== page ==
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The company is expected to turn a profit of $100 million this year, more than doubling its net income from last year, according to people familiar with its finances who were not authorized to comment. It’s the first time the company has been profitable for two straight years since 2011. Legendary is now valued at more than $2 billion, these people said.

While Wanda may not get back what it shelled out for Legendary ($3.5 billion was widely considered overpaying), it still may be a good time to sell, analysts said. Over the last few years, Chinese companies such as Wanda have been exiting U.S.-based businesses amid government clampdowns on foreign investments. This year, Wanda sold its controlling stake in theater chain AMC Entertainment during a retail investor-fueled surge in AMC’s stock price.

“Legendary does have in its library several well-known titles that streaming services would want to have,” said Lindsay Conner, an entertainment industry lawyer at Manatt, Phelps & Phillips. “It does have a solid executive core, and it does have projects in its pipeline, which could jumpstart a buyer’s production pipeline.”

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Grode stepped in as CEO in 2018 after trying to recruit respected former Fox film boss Jim Gianopulos, who ended up running Paramount Pictures. Grode cut excess spending and scuttled divisions, including a low-budget reality TV arm and an analytics business. The savings allowed it to more easily start production of movies and shows, even during the COVID-19 pandemic.

In TV, the company is making “Paper Girls,” based on Brian K. Vaughan’s graphic novel, and “Lightyears,” a drama series, for Amazon. Legendary has also expanded in animation, releasing the anime series “Pacific Rim: The Black” on Netflix in March. The company is making additional anime shows based on “Skull Island” and “Tomb Raider.”

Its film division, led by “The Revenant” producer Mary Parent since 2016, diversified its development slate with more modestly budgeted fare, including “Texas Chainsaw Massacre,” which recently wrapped production, and an upcoming reboot of the B-movie classic “Toxic Avenger.” A sequel to “Enola Holmes” begins shooting in the fall.

“I think we’ve done a good job of creating what I hope is an intimate production company on one level, with the perks of a global company on another,” Parent said. “You sleep better at night when you’ve got some tent poles, but at the same time, I don’t think people would think of us making a $12 million film, and that’s exciting.”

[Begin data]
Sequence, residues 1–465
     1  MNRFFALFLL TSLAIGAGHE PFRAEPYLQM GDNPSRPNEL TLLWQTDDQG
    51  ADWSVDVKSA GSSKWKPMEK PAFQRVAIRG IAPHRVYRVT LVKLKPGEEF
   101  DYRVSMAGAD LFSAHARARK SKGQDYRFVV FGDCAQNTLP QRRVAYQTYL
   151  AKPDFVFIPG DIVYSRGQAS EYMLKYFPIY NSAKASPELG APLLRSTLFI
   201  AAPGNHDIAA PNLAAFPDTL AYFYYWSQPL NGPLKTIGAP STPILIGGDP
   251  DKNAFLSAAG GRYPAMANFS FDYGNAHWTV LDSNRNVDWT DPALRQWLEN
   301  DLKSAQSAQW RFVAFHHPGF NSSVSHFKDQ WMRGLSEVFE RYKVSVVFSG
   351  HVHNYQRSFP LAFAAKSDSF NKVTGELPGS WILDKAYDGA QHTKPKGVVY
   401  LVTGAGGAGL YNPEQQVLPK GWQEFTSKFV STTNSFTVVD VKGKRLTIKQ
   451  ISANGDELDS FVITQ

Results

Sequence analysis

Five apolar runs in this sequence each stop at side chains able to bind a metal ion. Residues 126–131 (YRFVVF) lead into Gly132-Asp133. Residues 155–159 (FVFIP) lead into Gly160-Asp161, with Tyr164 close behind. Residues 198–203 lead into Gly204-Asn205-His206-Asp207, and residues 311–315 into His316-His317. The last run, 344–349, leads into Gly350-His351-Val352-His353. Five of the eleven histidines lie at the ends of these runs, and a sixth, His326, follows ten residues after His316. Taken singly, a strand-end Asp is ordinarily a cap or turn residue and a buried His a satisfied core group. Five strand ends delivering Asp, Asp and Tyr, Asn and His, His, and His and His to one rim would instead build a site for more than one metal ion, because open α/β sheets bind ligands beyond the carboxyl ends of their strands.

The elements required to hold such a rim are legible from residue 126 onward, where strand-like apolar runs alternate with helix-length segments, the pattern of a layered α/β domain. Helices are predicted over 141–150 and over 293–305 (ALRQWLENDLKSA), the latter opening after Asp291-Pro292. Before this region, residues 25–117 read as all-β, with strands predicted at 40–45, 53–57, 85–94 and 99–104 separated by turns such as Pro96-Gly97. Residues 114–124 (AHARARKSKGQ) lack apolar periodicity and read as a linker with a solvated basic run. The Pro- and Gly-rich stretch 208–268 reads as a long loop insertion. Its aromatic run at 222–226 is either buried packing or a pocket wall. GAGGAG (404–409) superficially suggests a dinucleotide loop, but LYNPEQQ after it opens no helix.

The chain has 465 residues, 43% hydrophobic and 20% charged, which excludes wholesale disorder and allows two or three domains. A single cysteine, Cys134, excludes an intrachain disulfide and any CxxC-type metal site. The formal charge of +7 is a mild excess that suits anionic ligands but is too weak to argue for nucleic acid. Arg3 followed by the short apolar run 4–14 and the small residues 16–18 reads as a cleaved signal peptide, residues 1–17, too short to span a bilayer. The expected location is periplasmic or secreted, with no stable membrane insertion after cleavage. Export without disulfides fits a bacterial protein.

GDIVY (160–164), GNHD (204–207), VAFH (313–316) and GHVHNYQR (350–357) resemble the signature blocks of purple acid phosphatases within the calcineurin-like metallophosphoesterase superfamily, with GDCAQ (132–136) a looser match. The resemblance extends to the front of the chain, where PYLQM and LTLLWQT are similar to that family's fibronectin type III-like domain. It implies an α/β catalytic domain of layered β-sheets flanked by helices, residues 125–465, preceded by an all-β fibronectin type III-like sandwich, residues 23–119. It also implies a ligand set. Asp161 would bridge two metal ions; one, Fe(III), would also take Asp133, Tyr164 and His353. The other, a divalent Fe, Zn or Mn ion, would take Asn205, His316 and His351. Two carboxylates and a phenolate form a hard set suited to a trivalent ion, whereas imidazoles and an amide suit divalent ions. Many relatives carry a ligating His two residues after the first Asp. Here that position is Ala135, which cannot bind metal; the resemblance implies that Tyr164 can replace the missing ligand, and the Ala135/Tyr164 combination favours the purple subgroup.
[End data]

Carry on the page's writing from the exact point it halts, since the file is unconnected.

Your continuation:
The company in March wrapped production on “Fresh,” a dark social thriller based on a spec script that producers Adam McKay and Kevin Messick brought to Parent.

A few years ago, Legendary was one of the last places a filmmaker would take a small-budget project with an edgy concept. McKay, director of best picture nominees “The Big Short” and “Vice,” credited Parent with seeing the dark, socially conscious creative vision of “Fresh,” helmed by first-time feature director Mimi Cave. Not everyone did.

“It’s very rare to find someone who can feel the direction of the breeze in the air, and she’s definitely got that,” he said. “If you get what that movie is about and you’re aware of the world at large, you get it. If you don’t, you’re terrified.”

In another key move, Legendary launched an international television arm in 2020 to take advantage of the growing appetite for local language production. Former HBO and Starz executive Chris Albrecht, who joined the company in 2019, leads its television division.

Grode wanted to make sure the TV and film sides of the business worked closely together when evaluating whether to take on certain potential franchises. When Legendary considers whether to take on a new piece of intellectual property, the company puts it through what Grode calls an “I.P. value sifter,” which is a process for determining whether an idea has the juice to work in both TV and film, no matter which comes first.